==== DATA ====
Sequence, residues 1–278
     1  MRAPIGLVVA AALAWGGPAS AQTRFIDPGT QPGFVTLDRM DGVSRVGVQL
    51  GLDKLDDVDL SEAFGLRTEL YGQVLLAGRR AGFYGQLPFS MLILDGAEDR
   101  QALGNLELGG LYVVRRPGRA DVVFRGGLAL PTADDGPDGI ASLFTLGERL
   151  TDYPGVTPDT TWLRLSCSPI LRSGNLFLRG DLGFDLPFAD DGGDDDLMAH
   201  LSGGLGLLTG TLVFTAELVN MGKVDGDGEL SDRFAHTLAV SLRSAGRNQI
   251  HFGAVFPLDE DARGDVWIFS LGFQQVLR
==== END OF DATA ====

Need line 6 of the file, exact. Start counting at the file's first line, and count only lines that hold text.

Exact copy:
   201  LSGGLGLLTG TLVFTAELVN MGKVDGDGEL SDRFAHTLAV SLRSAGRNQI